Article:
Taegukgi: The Brotherhood of War
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Taegukgi: The Brotherhood of War

Taegukgi: The Brotherhood of War

Universal Pictures
~Won Bin, Jang Dong-Gun, Lee Eun-yu
Compatible with Sony PSP™ (PSP™)
UMD Video Region 2

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Original Name  ブラザーフッド
Starring Won Bin, Jang Dong-Gun, Lee Eun-yu
Director Kang Je-gyu
Screen Format 16:9 Wide Screen
Audio Dolby Digital
Language Korean, Japanese
Subtitles Korean, Japanese
Running Time 148 minutes
Genre Action
Version  Japan
PAX-Code PAX0000767550
Catalog No.  UASM-41391
Item Code  4580120515302

description

韓国歴代観客動員新記録を樹立した、戦争巨編「ブラザーフッド」。「シュリ」で韓国映画ブームの立役者となったカン・ジェギュ監督が韓国映画史上最高の製作費を投入し、ハリウッド映画を凌駕する臨場感溢れる戦闘シーン、そして観るものの心を揺さぶらずにはおれない激しくも切ない兄弟の絆を見事に描ききった。主演は今や社会現象となった“韓流”ブ-ムの中心的存在である韓国四天王の2人、チャン・ドンゴンとウォンビン。最高のスタッフ&キャストが結集し、世界的規模の壮大なスケールを持つ超大作がここに誕生した。

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marta (7) on 27, Dec. 2004 18:28 (HKT)
No title
This amazing movie brings war up close and personal.
Unforgettable
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backstepprogram (15) on 27, Nov. 2004 14:15 (HKT)
A \'Brotherhood\' For The Ages
Nations do not fight wars. Citizens fight them, and these citizens are honorable men and women who serve their country willingly or, as history shows, by decree of a desperate government.

As a result, patriotism has become the unlikeliest casualty. Once welcomed in the trenches of battle, patriotism has lost its limbs, fought back from life support, and suffered shell shock. Once easily recognized, patriotism has become a bit of a chimera, an ideal more easily attached to definable characteristics than it is any single soldier. However, in the bitter end, patriotism is defined by the actions of these individuals who serve; it is rewarded by the nations who sponsor this service; and, more often than not, it is measured in hardships endured.

Such is the complex, ever-changing battleground of writer/director Kang Je-Gyu’s “Taegukgi: The Brotherhood of War.”

In 1950’s Seoul, Jin-Seok (Won Bin) and his older brother Jin-Tae (Jang Dong-gun) are enjoying a strong family life of perfect happiness. Suddenly, they find their lives turned upside down as soldiers of the South Korean government seize them – all men aged 18 to 30 are taken – and they are forced to take up arms – despite their lack of training – against the approaching North Koreans. On one brutal battlefield after another, the bonds of family are put to increasingly demanding tests as Jin-Tae – originally driven by his responsibility to protect his younger brother – continues to further exhaust his physical and emotional prowess despite the protests of Jin-Seok. He learns that he is a good soldier, one with a talent for inspiring others as well as an unanticipated thirst for killing the enemy. Eventually, these two brothers – once bound by a love for family – find themselves at odds within this new brotherhood of war, and the pressures to prove one another continue to exact heavier and heavier tolls as the war escalates. As circumstances evolve, the brothers inevitably find themselves on opposite sides of a losing conflict … but can either find a path to redemption or reconciliation that can save both of them?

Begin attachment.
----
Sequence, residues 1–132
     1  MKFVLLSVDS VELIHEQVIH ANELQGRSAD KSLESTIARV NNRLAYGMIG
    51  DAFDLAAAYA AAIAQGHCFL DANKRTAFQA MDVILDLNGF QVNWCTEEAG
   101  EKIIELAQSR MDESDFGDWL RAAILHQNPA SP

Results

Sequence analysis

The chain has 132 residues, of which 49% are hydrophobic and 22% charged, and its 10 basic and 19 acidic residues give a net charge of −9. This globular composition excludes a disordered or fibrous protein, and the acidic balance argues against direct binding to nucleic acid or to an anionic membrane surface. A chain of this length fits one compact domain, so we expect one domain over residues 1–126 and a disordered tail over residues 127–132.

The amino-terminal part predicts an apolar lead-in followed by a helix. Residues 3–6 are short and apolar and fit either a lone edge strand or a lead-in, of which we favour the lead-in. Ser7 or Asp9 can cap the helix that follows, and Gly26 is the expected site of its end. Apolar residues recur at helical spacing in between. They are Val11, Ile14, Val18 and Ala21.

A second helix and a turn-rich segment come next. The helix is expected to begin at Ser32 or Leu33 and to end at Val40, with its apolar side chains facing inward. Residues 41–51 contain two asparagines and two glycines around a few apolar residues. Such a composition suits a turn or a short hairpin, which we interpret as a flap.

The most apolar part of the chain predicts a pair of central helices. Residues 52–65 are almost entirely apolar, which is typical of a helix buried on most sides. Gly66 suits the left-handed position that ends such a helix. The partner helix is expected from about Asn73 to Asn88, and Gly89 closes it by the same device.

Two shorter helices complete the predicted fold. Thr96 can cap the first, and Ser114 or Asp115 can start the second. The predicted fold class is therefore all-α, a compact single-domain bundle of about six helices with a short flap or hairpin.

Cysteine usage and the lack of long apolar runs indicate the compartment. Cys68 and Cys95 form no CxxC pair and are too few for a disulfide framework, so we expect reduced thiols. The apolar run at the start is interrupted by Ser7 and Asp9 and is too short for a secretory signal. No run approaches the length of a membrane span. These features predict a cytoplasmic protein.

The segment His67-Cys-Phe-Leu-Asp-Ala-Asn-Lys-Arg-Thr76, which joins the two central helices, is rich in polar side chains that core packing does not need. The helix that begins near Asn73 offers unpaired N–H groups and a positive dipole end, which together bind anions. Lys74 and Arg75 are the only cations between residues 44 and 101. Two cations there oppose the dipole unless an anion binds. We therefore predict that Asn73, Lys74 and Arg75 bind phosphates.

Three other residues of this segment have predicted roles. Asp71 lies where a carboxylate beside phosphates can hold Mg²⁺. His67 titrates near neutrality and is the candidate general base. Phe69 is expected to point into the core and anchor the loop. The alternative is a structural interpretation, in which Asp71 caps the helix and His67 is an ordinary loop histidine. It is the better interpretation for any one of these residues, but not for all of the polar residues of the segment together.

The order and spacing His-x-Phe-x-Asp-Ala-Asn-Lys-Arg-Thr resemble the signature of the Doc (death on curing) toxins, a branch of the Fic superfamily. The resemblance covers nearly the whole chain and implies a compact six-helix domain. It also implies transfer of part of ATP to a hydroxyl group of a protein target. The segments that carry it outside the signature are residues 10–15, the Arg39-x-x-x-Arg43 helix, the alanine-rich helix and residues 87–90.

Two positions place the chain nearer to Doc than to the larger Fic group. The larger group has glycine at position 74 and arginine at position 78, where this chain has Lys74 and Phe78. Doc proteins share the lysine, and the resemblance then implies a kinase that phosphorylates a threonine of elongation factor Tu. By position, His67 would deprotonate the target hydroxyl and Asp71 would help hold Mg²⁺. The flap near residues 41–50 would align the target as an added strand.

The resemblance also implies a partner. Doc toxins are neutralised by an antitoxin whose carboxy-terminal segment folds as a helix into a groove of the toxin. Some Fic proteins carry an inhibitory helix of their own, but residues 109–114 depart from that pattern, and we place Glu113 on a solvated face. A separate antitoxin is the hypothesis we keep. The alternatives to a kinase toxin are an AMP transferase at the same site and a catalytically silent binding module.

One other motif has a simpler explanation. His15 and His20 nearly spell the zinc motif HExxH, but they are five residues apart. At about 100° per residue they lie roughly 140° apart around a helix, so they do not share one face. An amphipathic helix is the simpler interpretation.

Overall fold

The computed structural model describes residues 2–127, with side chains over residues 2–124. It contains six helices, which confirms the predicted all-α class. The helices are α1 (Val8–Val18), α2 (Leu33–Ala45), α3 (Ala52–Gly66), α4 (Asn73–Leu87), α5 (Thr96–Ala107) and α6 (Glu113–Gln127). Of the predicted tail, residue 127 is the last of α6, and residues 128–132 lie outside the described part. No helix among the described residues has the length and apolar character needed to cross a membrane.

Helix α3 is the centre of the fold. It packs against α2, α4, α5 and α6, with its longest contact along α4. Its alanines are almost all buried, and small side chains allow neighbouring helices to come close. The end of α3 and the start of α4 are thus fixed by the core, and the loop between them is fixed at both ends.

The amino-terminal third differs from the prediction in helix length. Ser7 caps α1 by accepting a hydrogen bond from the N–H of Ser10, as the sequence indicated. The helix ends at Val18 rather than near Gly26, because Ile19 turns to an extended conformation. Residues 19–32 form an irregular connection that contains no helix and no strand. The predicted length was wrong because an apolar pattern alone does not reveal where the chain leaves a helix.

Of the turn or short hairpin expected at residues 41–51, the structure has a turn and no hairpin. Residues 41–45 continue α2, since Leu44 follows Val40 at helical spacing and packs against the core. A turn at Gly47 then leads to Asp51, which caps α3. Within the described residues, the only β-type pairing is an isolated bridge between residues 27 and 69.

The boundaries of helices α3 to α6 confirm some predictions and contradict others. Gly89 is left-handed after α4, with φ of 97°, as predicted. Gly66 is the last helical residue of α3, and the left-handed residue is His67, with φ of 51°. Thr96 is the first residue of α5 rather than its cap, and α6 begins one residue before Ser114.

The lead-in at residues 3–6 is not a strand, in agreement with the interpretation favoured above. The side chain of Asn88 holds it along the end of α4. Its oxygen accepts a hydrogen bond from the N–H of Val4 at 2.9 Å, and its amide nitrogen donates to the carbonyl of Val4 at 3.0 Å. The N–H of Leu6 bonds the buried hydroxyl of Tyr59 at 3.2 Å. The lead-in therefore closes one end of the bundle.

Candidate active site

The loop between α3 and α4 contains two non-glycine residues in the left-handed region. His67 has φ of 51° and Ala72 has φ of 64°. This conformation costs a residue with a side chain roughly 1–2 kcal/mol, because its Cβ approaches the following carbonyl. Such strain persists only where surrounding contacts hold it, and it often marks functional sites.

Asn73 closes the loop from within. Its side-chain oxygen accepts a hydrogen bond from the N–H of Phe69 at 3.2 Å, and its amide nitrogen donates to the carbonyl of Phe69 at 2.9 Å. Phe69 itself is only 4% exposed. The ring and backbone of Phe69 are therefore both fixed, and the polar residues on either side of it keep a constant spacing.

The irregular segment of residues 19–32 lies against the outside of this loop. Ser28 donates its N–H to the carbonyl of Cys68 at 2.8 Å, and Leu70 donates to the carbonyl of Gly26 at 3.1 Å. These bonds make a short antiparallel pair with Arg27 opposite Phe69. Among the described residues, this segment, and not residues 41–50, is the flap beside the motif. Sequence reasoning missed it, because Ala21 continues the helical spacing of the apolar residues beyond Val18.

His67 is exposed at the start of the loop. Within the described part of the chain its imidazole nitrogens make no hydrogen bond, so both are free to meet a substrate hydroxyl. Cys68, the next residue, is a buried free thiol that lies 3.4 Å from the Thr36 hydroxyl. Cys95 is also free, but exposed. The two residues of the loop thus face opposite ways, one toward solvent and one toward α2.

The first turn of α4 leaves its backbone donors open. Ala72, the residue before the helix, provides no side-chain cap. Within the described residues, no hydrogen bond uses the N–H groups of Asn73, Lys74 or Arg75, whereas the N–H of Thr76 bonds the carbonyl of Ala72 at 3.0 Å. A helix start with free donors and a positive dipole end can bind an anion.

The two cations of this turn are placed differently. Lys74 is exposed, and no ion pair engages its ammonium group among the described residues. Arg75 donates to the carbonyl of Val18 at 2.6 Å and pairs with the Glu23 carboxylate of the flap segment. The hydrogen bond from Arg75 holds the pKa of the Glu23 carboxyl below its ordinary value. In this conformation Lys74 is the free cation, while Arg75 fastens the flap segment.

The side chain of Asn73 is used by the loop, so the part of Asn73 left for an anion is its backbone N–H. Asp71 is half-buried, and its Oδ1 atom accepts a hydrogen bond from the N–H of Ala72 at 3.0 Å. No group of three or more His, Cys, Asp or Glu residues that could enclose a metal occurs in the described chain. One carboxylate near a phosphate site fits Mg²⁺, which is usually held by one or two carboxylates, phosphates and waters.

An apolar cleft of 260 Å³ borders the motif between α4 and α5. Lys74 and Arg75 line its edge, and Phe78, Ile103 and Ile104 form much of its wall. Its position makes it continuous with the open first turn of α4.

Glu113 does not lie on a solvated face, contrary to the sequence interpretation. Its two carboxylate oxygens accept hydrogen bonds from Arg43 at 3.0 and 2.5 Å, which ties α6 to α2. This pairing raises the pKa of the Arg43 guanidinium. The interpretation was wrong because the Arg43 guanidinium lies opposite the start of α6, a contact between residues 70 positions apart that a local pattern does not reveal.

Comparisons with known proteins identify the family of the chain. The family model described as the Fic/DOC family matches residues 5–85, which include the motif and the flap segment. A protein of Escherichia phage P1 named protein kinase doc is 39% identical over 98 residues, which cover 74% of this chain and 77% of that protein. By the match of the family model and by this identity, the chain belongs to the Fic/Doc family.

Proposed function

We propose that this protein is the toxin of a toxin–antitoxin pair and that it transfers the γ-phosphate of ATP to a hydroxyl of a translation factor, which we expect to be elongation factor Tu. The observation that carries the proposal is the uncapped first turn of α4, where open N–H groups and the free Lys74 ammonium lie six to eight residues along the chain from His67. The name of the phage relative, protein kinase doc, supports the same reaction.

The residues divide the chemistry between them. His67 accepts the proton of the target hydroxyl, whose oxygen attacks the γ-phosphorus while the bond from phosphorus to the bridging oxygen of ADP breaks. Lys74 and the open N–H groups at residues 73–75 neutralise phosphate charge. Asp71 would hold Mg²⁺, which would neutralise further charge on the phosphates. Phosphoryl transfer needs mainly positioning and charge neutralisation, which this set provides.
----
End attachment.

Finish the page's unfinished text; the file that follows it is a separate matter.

There are many elements of “Taegukgi” that elevate the film from the status of standard war film to a message of hope set against the backdrop of war. The film’s scope is grand, dealing with the far more intimate themes of family, brotherhood, and personal responsibility when Director Kang Je-Gyu could have easily opted for banging the drum of nationalism. At its core, “Taegukgi” is the story of two brothers, a strikingly poignant analogy for the entire North Korea / South Korea dilemma. While the battlefield choreography is as frenetic as it is harrowing, it never takes the film’s center: this picture is founded on relationships – the human perspective to the world outside – and it never falters. Instead of focusing on history, Kang Je-Gyu crafts every scene to highlight the thoughts, actions, and emotions of the participants of history, and, for that, “Taegukgi” deserves countless accolades.

Much like exploring the heart of darkness as depicted in American classics as Francis Ford Coppola’s “Apocalypse Now” and Oliver Stone’s “Platoon,” Kang Je-Gyu forces Jin-tae to explore his own budding evil, and this journey is not without its own relative scars. Once a man has crossed over and embraced wartime madness, can he ever truly find a way out? Arguably, if “Taegukgi” suffers from any setback, it is that perhaps Jin-tae goes too far for an audience to accept his madness: believing his brother to have been killed by North Koreans, Jin-tae turns traitor once he is captured and seeks to wipe out every soldier serving South Korea. While the story offers the motivation for so drastic a change, it’s hard to believe that the man who once fought so valiantly against the spread of Communism would suddenly choose to embrace it.

Still, it’s a small diversion … but it’s necessary to bring the aspect of brotherhood full circle, to have these two unique men face their darkest hour, and to make one final statement on the role that family inevitably plays in every man’s life.

Recently, thanks to the worldwide success of “Taegukgi” and 1999’s blockbuster “Shiri,” Director Kang Je-Gyu has signed an agreement with Hollywood’s own powerhouse, CAA, to produce his next film in America. Only time will tell whether or not this agreement will afford some of the “Korean sensibility” to American films, but certainly having one of South Korea’s premier directors breaking into the Hollywood film system is a tremendous advantage for fans of international film.

Only the passage of time will earn “Taegukgi” its rightful spot alongside the other great films dealing with the consequences of war.
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